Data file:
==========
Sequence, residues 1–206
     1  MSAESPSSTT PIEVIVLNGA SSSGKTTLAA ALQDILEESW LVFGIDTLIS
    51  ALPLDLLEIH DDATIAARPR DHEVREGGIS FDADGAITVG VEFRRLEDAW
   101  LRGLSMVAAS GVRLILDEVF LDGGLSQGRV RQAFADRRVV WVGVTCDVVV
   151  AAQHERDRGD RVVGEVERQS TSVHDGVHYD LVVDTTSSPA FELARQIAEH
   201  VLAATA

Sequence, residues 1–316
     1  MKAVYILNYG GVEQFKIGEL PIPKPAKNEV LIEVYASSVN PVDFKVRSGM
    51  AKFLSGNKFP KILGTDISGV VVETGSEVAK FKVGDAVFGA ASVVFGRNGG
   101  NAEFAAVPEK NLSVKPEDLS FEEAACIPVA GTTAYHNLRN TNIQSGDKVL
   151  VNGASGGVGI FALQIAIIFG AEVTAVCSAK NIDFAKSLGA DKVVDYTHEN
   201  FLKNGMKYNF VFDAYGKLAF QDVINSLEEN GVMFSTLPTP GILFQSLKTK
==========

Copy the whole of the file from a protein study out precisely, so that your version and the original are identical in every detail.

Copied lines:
Sequence, residues 1–206
     1  MSAESPSSTT PIEVIVLNGA SSSGKTTLAA ALQDILEESW LVFGIDTLIS
    51  ALPLDLLEIH DDATIAARPR DHEVREGGIS FDADGAITVG VEFRRLEDAW
   101  LRGLSMVAAS GVRLILDEVF LDGGLSQGRV RQAFADRRVV WVGVTCDVVV
   151  AAQHERDRGD RVVGEVERQS TSVHDGVHYD LVVDTTSSPA FELARQIAEH
   201  VLAATA

Sequence, residues 1–316
     1  MKAVYILNYG GVEQFKIGEL PIPKPAKNEV LIEVYASSVN PVDFKVRSGM
    51  AKFLSGNKFP KILGTDISGV VVETGSEVAK FKVGDAVFGA ASVVFGRNGG
   101  NAEFAAVPEK NLSVKPEDLS FEEAACIPVA GTTAYHNLRN TNIQSGDKVL
   151  VNGASGGVGI FALQIAIIFG AEVTAVCSAK NIDFAKSLGA DKVVDYTHEN
   201  FLKNGMKYNF VFDAYGKLAF QDVINSLEEN GVMFSTLPTP GILFQSLKTK